The International Monetary Fund updated its estimates on Tuesday, attributing a GDP growth for Spain of 5.9% in 2021, down from 7.2% in its October projection. This is a significant difference with respect to the Spanish government’s forecast for 9.8%, on which the Budget approved last December is based. In fact, the macroeconomic accounts presented in October by Pedro Sánchez pointed to projections of an inertial expansion of -11.2% on a yearly basis in 2020 and +7.2% for 2021 (+9.8% including the Recovery Plan).
Meanwhile, the IMF estimates Spanish GDP will contract by 11.1% in 2020, the largest decline amongst the major developed economies. For 2022, the organisation’s analysts’ estimate for the Spanish economy is now for growth of 4.7% versus 4.5% in the previous calculation.
At a global level, the International Monetary Fund now sees economic growth of 5.5% in 2021 versus 5.2% in its October estimates, while it will be at 4.2% in 2022. As for 2020, its forecast for worldwide economic growth rises to -3.5% from -4.4% (published in October).
In addition, the IMF’s chief economist, Gita Gopinath, called for greater fiscal support for the private sector in order to tackle the new confinements, joining Lagarde’s message a day earlier in Davos. The IMF foresees a stronger recovery in the second half of the year in a scenario of high uncertainty, with the risk of virus mutation and slower than expected vaccinations.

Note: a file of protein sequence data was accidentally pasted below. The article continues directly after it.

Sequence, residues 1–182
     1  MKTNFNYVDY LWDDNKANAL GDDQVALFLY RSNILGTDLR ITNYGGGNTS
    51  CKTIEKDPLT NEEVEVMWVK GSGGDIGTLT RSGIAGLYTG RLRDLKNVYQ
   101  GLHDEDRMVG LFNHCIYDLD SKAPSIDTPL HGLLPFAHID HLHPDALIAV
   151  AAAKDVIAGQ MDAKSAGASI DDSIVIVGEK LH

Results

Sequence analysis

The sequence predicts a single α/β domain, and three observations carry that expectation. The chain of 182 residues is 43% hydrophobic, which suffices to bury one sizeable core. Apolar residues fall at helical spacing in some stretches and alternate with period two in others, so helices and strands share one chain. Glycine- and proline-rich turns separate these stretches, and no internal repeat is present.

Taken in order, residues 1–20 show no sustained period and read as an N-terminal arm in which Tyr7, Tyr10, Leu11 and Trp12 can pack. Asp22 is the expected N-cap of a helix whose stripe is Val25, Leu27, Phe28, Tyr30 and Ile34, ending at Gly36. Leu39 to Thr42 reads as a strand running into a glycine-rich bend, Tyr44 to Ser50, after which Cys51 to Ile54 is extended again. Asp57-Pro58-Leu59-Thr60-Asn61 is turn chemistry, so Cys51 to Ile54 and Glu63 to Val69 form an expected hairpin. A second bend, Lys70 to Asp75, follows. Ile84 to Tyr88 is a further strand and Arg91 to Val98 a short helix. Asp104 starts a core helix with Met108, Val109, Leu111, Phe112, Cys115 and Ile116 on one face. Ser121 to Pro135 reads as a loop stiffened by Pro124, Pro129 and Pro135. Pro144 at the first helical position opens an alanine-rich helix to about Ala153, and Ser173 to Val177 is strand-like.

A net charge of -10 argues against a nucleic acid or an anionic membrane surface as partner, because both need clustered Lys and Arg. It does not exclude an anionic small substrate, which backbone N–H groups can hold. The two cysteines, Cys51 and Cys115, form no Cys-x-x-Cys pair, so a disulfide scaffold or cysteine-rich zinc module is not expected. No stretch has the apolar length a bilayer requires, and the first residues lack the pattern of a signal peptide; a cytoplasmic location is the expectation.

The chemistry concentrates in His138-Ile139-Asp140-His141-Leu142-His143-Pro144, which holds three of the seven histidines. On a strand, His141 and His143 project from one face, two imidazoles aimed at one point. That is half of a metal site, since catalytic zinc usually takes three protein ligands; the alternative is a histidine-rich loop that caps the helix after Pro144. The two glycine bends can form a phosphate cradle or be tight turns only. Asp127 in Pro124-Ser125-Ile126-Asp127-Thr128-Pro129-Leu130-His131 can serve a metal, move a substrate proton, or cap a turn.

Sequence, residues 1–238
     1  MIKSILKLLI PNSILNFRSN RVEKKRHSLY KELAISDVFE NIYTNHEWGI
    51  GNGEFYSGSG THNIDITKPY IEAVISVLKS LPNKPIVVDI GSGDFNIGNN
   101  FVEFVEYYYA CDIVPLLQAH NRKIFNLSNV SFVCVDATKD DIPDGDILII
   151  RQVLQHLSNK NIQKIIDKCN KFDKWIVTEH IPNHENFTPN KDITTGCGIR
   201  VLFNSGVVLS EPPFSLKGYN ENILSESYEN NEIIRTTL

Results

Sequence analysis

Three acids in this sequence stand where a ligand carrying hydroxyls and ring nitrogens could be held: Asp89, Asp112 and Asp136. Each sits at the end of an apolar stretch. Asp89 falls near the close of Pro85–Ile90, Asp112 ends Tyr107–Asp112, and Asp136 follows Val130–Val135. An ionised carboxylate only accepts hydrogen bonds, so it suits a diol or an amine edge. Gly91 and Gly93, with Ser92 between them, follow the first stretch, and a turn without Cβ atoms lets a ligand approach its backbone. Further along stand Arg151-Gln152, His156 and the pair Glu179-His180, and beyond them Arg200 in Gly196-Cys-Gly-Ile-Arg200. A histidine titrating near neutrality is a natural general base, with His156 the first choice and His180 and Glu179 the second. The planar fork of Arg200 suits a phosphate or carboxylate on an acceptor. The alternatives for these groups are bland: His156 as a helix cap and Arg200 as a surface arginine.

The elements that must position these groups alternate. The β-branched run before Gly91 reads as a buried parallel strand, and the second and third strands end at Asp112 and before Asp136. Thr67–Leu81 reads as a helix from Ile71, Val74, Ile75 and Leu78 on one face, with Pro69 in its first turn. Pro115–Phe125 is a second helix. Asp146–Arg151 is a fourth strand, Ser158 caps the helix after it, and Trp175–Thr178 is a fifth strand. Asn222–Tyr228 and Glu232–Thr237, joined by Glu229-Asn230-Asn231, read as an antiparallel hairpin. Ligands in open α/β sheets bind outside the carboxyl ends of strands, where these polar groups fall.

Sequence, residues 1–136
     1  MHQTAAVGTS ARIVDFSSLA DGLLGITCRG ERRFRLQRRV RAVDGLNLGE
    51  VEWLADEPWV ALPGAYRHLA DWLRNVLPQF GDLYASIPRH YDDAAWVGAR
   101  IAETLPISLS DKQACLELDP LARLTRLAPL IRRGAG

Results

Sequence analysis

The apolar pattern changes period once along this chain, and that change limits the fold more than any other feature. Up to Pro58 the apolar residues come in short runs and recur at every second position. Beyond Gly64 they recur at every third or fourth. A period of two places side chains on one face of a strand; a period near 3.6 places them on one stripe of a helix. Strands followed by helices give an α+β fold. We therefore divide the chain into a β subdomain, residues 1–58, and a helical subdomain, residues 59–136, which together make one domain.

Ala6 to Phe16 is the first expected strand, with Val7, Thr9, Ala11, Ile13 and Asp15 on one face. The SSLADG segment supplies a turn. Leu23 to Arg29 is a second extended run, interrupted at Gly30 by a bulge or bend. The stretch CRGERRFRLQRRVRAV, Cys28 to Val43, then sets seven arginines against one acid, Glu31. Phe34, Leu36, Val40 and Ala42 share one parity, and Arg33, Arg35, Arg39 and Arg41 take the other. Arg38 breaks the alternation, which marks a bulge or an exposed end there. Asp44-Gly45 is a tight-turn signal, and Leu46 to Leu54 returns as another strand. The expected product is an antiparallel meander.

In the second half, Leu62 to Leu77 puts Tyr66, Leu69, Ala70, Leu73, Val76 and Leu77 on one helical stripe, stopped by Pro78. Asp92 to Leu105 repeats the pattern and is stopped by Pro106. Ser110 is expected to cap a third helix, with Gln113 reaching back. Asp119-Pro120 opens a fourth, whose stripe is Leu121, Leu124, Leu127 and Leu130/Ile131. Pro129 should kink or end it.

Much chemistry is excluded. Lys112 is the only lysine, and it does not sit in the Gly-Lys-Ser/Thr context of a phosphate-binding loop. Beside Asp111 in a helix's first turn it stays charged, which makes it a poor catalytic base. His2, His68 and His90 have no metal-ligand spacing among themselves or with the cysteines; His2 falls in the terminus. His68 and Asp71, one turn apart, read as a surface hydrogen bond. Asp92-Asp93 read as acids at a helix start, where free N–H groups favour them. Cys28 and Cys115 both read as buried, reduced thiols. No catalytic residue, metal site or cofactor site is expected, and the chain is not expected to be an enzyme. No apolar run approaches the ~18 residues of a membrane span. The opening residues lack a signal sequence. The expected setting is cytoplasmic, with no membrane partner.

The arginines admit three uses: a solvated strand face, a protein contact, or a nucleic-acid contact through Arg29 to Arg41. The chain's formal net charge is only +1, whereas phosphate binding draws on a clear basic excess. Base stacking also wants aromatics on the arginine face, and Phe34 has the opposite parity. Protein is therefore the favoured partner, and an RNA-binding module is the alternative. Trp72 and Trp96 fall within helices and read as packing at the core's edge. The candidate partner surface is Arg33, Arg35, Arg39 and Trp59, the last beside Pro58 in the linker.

That said, the improvement for 2021 reflects the positive effects of the start of vaccinations in some countries and the additional fiscal support activated late last year in the US and Japan. Also the expected increase in social contact activities as the health crisis recedes.
On the other hand, the IMF pointed to the US as being responsible for the bullish revision in the world GDP forecast for 2021, since its growth was corrected upwards from 3.1% to 5.1%. This is without taking into account the effects of Joe Biden’s $1.9 trillion plan. In fact, such stimulus could lift US growth even higher; specifically, by 1.25% this year and by 5% in three years.
Higher growth is also expected in Japan (3.1% by 2021 vs. 2.3% previously) as it benefits from the positive effect of domestic stimulus. In contrast, the situation in Europe would be more negative: GDP growth is forecast to be lower for the UK (-1.4 p.p. to 4.5%) and for the EMU aggregate (-1 p.p. to 4.2%). In addition, both economies are expected to record a weak expansion rates for 2020 as a whole (-10% and -7.2%, respectively).
The IMF also estimates world trade volumes to grow by around 8% in 2021 and to increase by 6% in 2022. Furthermore, it sees services trade recovering more slowly than goods‘, confirming expectations that activities such as tourism will remain depressed until the pandemic is brought under control everywhere.
In closing its January outlook report, the IMF warned of a sharp increase in inequality, given that about 90 million people would fall into extreme poverty as the global economy would lose about $22 trillion (between 2020 and 2025 compared to pre-pandemic levels).